David Harvatine, herd manager of Aurora Ridge Dairy in Aurora, N.Y., has seen the dairy farm he manages go from 65 cows to nearly 5,000 animals in just over 30 years.
And while it’s been a long, slow process of improvement, even after 30 years he sees room for getting better.
“No matter how old you are, you always have to be looking ahead, what’s the industry going to do,” he told a group of World Dairy Expo attendees.
Harvatine is a partner in the 5,200-acre farm that grows alfalfa, barley, corn, soybeans and other crops in rotation. The herd includes 2,350 milking and dry cows, and 2,250 young stock.
Change has been a constant on the farm, but given its location and the unique labor and market challenges facing New York dairy farmers, change is almost necessary.
Aurora Ridge Dairy is part of Cayuga Marketing, which was formed by a local group of central New York farmers who wanted to pool their milk and inputs to get a better price and bring costs down. The cooperative includes 29 farms that produce 1 billion pounds of milk per month.
Not satisfied with just pooling milk and resources, the farmers got into the processing business five years ago with the construction of a $100 million milk processing plant called Cayuga Milk Ingredients. Harvatine said the goal was to cut down on milk hauling costs to other plants. Cayuga Milk Ingredients specializes in powders, milk, cream and specialized blends of ingredients.
“We are very much going for the value-added side of the business,” he said.
Making quality milk
The cows at Aurora Ridge are milked three times a day in a double-28 Germania herringbone with Afimilk technology for better heat detection and detection of sick cows. The animals average around 95 pounds of milk a day, including 3.75% butterfat and 3.05% protein.
“We’re very focused on producing quality milk from our operation,” Harvatine said.
Waterbeds are used for cow comfort. The farm also has a methane digester where the dry solids are used for bedding.
Much of his herd’s performance he attributes to better use of genetics and genomic testing.
Before genomics, Harvatine said his goal was to breed for type, getting cows that he wanted to look at.
He focused on the top proven bulls in the herd and was very successful. But he wanted to improve feed efficiency and lower cost of production.
Harvatine turned to genomics to improve the herd and get what he calls that “perfect herd alignment” so that his cows are producing as many heifers as they need, not making as many heifers as possible and then culling the bottom.
All heifers are genomic tested. Between 100 and 130 heifer calves are born each month, and out of that number between 75 and 85 are kept for calving. He has a pool of 18 genomic young sires that he chooses from.
“I’m a firm believer that you don’t want to put all your eggs in one basket,” he said, adding that he views semen as an investment, not a cost.
“For me, I’ve always been focused on breeding a herd vs. breeding individuals. You’re only as strong as your weakest link, so if you’re pushing the whole herd, you’ll have more consistent performance overall,” he said.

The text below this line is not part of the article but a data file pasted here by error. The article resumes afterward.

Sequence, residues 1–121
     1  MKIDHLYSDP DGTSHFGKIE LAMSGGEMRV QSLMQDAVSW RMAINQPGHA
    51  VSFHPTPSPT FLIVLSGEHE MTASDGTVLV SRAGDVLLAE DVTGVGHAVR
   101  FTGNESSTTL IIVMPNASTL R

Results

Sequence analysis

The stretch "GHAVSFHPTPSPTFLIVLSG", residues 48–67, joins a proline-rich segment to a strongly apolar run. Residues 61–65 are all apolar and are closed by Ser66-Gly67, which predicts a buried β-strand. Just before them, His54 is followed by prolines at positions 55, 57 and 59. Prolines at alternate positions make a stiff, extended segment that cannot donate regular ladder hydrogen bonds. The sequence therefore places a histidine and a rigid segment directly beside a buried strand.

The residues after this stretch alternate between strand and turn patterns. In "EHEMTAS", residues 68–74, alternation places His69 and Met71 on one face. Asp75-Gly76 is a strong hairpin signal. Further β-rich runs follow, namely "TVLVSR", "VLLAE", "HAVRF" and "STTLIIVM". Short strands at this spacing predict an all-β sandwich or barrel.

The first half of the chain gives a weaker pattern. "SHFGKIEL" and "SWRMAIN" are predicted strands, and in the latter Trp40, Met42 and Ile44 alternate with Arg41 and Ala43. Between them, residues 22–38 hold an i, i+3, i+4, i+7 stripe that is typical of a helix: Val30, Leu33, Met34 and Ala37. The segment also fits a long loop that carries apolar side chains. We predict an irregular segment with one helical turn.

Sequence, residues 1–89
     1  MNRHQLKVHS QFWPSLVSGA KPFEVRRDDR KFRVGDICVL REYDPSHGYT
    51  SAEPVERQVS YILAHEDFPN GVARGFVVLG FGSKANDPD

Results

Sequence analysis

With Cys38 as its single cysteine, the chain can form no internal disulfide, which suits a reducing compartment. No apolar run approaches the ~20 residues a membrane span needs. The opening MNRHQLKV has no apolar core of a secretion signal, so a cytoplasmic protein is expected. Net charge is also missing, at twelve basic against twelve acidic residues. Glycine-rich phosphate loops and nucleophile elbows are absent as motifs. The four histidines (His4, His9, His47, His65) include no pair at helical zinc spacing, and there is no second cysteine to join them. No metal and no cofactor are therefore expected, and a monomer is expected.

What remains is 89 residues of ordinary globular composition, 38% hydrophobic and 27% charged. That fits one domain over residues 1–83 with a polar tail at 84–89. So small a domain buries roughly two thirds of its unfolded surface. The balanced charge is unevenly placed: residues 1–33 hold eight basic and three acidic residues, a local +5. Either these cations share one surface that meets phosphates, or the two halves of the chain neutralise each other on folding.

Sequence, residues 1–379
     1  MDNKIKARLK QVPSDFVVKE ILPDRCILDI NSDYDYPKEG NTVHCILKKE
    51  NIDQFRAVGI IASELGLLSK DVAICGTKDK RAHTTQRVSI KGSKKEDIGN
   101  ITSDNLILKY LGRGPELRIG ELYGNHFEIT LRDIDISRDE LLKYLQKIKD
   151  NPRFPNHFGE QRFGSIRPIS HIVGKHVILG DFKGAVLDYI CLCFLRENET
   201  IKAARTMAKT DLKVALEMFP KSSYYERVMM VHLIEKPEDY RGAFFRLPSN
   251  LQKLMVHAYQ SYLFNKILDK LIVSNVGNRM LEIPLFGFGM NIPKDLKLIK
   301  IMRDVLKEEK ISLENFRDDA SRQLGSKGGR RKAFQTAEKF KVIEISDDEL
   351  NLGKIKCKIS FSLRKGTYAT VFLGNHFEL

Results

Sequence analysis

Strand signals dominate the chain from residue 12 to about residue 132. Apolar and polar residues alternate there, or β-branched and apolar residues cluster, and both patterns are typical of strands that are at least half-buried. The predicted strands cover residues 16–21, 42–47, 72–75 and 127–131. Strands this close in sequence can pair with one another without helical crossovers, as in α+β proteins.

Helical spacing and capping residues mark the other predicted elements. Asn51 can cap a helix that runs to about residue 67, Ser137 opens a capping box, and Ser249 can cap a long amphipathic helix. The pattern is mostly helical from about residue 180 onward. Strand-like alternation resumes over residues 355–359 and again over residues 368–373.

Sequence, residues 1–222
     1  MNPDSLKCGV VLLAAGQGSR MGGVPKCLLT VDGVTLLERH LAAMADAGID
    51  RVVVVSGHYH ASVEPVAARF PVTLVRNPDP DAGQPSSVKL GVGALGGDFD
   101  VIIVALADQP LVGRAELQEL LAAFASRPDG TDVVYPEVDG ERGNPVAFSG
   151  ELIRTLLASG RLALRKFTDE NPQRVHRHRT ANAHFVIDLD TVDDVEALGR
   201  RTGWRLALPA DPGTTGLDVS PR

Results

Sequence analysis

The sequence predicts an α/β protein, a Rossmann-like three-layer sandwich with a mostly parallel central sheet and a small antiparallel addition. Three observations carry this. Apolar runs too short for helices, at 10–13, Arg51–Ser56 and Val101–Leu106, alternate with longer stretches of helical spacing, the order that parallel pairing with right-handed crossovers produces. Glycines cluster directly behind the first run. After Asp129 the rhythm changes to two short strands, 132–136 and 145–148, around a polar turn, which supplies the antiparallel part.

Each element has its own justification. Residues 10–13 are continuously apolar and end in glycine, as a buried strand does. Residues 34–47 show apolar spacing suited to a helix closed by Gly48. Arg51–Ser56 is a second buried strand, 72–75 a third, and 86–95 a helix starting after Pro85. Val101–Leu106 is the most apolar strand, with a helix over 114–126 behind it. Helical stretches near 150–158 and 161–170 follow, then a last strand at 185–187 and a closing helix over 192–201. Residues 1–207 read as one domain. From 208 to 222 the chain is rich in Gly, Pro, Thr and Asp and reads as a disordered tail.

Presynchronization and oysynch are used on less than 5% of his animals. He said this is a direct result of the herd improving genetically since he doesn’t have to do much synchronization.
Sexed semen is used on the heifer population. It was also used on the milking cows, but Harvatine said he wants to focus on improving all his animals, not just the top 10% or 15%.
Beef semen is used on the bottom 60% of cows, ones that average under 600 net merit average.
Harvatine ranks heifers based on genomic net merit. He looks at total performance index, PTA for producing milkfat and the somatic cell count index in evaluating the heifers. Harvatine said he was very focused on culling every animal with a 3.0 SCC score when they first got into genetics. Fast forward 10 years and he averages five or less clinical mastisis cows a year, he said.
“So, I see the actual results of what we’ve done,” he said.
Looking to the future
“I always say that I’m an internal optimist,” he said, especially in the face of a tough dairy market.
Harvatine said he wants a herd with high feed efficiency and high production of solids.
He also wants to use just sexed and beef semen.
But the key to surviving the future, he said, is embracing technology that will not only improve herd performance, but dairy management, too.
“It’s about trying to design a job for people that’s enticing, but also gives people the life they want to live, and that means making it possible for an employee to only work 40 hours a week,” he said.
Better herd performance will be critical, too. He sees genomics as a way to improve the health of his animals and have less of a need to use antibiotics or other interventions.
“It’s always about, ‘We’re doing a good job today, but how can you get better,’” he said.